Traumatainment: Traumatic videos which we find entertaining are all over social media

Traumatainment: Traumatic videos which we find entertaining are all over social media
Traumatainment: Traumatic videos which we find entertaining are all over social media

When a video of the Cincinnati zoo killing a rare gorilla to save a four-year-old boy who stumbled in  surfaced on social media, it created a lot of hue and cry worldwide. People blamed the parents of the young toddler and the ‘irresponsible’ zoo authorities.

This has not been the only video to emerge on these lines. Social media has seen innumerable videos and stories involving traumatic and shocking experiences time and again. And every single time, facebookers and tweeple go crazy over these visuals without fail, spewing opinions and knee jerk responses as they divide themselves over the story in question.

While the international media has termed these viral videos ‘traumatainment’, we Indians have been subjected to this form of entertainment for a long time. Right from the masala movies we watch, to the routine melodramatic serials that grace our television sets, we have been at the receiving end of ‘traumatainment’ in every form possible.

But with the advent of social media, traumatainment has been inching closer to users, via mobile phones and tablets. Be it ‘White Tiger attacks and kills man in Delhi Zoo’ or ‘Daughter-in-law manhandles aged mother-in-law’, these videos have garnered more than a million views; going viral in a matter of few hours.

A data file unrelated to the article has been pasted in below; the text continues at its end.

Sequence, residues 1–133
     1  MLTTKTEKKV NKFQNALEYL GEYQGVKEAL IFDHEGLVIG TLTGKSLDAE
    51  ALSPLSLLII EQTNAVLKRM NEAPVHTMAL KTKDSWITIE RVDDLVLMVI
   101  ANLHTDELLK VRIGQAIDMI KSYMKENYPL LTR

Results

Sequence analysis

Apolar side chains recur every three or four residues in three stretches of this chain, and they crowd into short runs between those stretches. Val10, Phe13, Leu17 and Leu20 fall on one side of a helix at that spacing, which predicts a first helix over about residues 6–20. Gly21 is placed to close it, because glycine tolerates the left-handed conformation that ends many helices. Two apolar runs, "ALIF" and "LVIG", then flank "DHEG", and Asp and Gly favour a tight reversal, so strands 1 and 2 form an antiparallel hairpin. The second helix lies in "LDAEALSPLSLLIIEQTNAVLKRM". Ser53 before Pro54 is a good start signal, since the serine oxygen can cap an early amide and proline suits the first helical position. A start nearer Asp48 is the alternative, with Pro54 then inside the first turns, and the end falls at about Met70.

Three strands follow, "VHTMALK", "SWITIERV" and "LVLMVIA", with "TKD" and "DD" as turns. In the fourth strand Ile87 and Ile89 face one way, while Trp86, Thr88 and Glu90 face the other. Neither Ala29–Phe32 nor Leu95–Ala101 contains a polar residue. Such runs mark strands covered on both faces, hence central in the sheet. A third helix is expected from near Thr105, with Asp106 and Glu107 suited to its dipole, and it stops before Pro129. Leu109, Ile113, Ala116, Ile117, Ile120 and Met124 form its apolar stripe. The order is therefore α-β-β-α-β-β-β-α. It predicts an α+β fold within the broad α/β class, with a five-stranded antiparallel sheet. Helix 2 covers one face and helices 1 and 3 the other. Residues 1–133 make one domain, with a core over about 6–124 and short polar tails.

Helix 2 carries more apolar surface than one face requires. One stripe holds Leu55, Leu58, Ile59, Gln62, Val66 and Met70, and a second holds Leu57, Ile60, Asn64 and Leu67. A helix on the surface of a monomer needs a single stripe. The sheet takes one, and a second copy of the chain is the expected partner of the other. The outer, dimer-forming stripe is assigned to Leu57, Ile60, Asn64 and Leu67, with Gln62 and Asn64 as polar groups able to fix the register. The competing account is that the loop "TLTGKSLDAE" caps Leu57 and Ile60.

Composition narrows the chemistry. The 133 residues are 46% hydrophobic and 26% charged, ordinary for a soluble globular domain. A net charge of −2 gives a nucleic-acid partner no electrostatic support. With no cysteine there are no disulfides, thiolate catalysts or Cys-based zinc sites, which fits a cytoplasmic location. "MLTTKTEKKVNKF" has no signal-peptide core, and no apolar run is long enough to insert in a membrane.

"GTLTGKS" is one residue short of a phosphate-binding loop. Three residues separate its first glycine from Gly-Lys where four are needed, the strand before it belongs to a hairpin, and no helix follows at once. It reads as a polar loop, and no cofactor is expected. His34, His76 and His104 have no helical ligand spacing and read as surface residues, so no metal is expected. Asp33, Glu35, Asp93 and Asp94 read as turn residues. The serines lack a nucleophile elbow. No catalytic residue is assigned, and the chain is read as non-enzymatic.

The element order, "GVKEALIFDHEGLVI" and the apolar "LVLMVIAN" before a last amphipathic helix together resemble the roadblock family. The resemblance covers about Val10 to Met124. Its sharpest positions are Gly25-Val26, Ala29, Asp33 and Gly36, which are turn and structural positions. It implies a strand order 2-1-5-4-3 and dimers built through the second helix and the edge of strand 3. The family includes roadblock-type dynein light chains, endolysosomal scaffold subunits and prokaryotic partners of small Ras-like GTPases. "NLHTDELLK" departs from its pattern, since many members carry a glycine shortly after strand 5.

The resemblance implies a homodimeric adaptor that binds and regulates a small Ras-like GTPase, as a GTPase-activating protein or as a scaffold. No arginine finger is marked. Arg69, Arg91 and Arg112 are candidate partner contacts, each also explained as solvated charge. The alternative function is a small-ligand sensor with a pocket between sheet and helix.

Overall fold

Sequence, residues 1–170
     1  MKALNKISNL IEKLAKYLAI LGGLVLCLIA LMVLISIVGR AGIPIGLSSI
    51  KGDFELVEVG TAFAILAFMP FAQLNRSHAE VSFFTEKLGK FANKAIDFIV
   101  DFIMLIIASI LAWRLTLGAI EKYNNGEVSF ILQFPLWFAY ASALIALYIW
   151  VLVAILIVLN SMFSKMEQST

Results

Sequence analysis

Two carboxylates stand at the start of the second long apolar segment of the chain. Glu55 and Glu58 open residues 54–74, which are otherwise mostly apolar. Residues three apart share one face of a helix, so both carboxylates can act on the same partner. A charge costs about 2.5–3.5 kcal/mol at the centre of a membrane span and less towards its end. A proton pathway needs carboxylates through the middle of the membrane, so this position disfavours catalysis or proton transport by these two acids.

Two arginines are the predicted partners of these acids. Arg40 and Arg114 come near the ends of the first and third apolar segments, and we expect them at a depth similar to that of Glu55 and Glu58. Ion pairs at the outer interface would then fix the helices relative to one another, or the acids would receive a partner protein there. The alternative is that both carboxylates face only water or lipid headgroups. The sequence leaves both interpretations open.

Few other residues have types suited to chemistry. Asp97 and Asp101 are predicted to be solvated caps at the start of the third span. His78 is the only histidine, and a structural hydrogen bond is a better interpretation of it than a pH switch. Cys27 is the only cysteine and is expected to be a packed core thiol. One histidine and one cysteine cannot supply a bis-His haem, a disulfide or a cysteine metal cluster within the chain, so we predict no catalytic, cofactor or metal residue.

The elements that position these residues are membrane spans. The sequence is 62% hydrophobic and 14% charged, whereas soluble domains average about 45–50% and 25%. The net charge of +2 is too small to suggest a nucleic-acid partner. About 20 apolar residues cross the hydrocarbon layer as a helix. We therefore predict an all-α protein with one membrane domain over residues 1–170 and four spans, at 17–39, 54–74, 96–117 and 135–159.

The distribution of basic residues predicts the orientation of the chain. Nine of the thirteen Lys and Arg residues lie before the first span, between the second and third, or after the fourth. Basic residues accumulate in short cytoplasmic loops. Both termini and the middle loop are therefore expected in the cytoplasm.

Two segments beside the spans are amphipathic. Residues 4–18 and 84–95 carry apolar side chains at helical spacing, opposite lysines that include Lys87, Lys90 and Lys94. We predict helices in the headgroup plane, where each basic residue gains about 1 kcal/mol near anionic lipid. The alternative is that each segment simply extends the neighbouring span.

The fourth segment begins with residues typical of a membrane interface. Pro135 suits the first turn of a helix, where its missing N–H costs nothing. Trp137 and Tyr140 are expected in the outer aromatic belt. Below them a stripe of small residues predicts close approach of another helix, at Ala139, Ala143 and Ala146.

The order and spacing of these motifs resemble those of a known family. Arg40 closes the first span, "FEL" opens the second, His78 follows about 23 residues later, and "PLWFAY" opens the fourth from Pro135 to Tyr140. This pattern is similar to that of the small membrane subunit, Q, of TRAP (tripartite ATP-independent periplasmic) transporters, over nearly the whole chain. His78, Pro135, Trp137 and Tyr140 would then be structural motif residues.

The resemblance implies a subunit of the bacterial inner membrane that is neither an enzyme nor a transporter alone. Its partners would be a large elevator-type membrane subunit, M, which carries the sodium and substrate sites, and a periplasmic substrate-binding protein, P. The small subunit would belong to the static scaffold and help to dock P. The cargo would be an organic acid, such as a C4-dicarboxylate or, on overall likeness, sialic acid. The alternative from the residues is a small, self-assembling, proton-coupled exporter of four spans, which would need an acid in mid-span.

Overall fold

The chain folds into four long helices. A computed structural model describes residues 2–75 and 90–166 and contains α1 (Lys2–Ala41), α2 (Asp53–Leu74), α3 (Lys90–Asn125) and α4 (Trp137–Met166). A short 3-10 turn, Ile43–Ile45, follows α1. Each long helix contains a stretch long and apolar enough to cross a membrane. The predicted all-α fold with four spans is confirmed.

Chennai-based psychiatrist Dr. S. Mohanraj pins the viral nature of traumatainment on a base human tendency- curiosity. “People have always been curious. When they see blood and gore unfold, and they realize that it is real and not staged like in the movies, they want to know how it happened,” he says.

The pace at which technology has become a mainstay in our lives has had a major role in making traumatainment a viral phenomenon. The combination of security cameras and social media has contributed primarily in catapulting this phenomenon, as well. “Security cameras provide people with information that they’ve only heard of before, and not seen. When this footage is uploaded on social media, it is immediately viewed and shared,” says Dr. Mohanraj.

Also, it doesn’t help that social media access is free and unlimited. “If users had to spend for whatever content is sent, then they would only send what is absolutely essential,”he adds. But there are no filters or stringent enough safeguards.

The excessive trend of sharing and unnatural virality of content has ultimately made users less sensitive to issues. As more and more content of this sort goes viral, it almost becomes a norm for the society, fears Chennai based psychiatrist Dr. Aparna. “The threshold for violence and shock comes down, especially in children. After a point, they are okay with whatever happens, how ever shocking it may be,” she says.

And she might just be right. Where last week was about the ‘Drunk man tries to shake hands with lion in Hyderabad zoo’, this week is about a ‘Man whirling a baby for more than five seconds’. And whatever happened to the family of that fateful couple who crashed to their death while making a grand appearance in a crane on their wedding, last year? Nobody knows.

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